Mr. Heathcoat-Amory : My right hon. Friend has had no discussions with the Nature Conservancy Council on the use of private Bills to circumvent planning issues. The Government's initial response to the Joint Committee's report on private Bill procedures (HC 625, Session 1987-88) was given by the Leader of the House in the debate on 20 April 1989.
Mr. Dalyell : To ask the Secretary of State for the Environment what curtailment has taken place in the programmes for (a) marine conservation and (b) urban nature conservation ; and if he will make a statement.
Mr. Trippier : The development of marine and urban nature conservation programmes is primarily for the Nature Conservancy Council. It is for NCC to decide where its priorities lie and to implement them in accordance with its corporate plan, copies of which have been placed in the Library.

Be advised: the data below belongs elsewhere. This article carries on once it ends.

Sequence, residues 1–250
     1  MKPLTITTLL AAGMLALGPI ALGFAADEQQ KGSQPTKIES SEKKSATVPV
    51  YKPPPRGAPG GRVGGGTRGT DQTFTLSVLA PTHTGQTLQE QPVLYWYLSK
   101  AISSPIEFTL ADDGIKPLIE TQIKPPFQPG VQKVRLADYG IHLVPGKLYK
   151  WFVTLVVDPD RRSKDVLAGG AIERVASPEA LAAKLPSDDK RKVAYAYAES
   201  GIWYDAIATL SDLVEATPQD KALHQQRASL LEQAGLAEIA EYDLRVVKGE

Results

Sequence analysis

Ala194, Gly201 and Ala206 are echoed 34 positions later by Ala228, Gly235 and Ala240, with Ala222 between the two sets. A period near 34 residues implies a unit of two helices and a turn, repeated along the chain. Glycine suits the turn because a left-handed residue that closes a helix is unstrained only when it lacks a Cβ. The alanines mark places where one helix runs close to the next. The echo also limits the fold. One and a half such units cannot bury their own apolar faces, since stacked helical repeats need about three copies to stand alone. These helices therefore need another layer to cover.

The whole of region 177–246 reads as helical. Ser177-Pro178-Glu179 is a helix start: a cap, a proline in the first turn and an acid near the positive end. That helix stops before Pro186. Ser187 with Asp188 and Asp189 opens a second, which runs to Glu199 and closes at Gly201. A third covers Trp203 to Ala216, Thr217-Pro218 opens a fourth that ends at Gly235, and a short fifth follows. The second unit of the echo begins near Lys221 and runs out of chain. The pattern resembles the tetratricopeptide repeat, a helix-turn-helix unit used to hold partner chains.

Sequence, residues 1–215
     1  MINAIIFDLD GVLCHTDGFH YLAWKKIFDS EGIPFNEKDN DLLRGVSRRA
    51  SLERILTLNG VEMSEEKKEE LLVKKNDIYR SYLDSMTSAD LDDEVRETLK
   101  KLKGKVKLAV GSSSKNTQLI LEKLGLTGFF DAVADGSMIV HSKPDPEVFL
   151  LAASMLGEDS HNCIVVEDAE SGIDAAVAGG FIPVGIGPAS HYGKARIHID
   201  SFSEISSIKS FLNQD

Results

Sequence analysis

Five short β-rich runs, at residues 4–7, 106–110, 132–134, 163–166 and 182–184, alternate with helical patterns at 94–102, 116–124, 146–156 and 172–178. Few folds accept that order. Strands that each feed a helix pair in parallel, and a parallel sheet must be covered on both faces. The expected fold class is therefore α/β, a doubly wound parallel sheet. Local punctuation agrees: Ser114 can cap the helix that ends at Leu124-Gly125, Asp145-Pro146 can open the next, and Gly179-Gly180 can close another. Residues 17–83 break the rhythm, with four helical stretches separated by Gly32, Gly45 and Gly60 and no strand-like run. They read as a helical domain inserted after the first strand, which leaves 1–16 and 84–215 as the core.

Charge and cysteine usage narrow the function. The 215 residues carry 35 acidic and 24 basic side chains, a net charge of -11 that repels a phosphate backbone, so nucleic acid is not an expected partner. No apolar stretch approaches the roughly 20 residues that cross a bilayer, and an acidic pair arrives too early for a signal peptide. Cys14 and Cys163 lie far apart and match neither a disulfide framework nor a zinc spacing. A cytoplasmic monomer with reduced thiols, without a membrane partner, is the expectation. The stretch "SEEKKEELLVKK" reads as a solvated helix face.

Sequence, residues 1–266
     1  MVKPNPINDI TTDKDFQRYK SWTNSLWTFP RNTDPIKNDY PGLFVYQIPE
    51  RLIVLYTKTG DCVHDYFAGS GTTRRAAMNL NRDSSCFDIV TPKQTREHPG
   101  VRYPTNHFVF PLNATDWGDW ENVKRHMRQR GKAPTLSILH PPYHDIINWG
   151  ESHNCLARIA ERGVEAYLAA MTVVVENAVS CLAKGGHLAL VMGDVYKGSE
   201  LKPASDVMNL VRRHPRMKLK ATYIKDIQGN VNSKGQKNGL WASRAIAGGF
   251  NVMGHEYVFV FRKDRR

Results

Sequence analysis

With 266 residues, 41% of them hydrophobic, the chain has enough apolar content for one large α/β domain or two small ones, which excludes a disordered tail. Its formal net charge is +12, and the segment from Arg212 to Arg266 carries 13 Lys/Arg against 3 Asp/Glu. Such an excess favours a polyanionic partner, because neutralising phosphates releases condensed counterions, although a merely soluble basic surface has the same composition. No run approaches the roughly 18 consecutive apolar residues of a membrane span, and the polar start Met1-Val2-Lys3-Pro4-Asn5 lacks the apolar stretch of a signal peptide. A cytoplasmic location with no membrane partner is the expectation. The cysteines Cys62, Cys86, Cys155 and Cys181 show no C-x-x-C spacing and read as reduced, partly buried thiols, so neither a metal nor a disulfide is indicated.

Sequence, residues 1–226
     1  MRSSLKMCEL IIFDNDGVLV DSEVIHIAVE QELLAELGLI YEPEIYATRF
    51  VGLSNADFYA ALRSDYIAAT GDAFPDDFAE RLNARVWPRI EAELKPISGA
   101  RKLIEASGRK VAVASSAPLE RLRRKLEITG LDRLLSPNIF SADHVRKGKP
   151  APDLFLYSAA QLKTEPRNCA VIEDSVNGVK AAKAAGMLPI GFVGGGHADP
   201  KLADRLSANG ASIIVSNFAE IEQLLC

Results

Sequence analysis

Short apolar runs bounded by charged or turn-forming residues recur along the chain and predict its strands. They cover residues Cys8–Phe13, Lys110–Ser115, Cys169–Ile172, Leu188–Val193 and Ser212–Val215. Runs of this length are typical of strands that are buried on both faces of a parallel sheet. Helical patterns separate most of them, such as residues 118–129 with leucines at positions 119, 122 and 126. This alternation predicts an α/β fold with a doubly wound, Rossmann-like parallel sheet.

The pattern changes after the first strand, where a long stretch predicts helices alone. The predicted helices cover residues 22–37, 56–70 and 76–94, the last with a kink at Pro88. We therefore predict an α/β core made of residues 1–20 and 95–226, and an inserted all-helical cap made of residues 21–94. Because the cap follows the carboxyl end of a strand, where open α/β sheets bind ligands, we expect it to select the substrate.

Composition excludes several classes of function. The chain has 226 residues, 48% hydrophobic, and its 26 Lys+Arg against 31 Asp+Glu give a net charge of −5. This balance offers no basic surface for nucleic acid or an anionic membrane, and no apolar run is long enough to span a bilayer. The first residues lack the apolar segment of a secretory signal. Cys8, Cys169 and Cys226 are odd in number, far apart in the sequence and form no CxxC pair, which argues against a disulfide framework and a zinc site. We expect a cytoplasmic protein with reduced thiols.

Mr. Dalyell : To ask the Secretary of State for the Environment if he will make a statement on his proposals for the protection of drinking water in the light of the recommendations of the report of the Lowermoor incident health advisory group.
Column 579(LIHAG), the Department wrote to all the water undertakers in England drawing their attention to its conclusions and
recommendations. The substance of LIHAG's recommendation No. 8 requiring a water undertaker to notify the relevant health authorities without delay of any incidents such as Lowermoor had already been included in the Water Supply (Water Quality) Regulations 1989 (SI. No. 1147). The water undertakers were asked to confirm that the remaining recommendations, Nos. 7 and 9, relating to water supply had been or were being incorporated into their standard procedures. I am pleased to report that they have confirmed that these recommendations had been or were being implemented.
Mr. Thornton : To ask the Secretary of State for the Environment if he will introduce an incentive scheme for developers, builders and specifiers to use environmentally friendly materials and techniques when maintaining the existing building stock ; and if he will make a statement.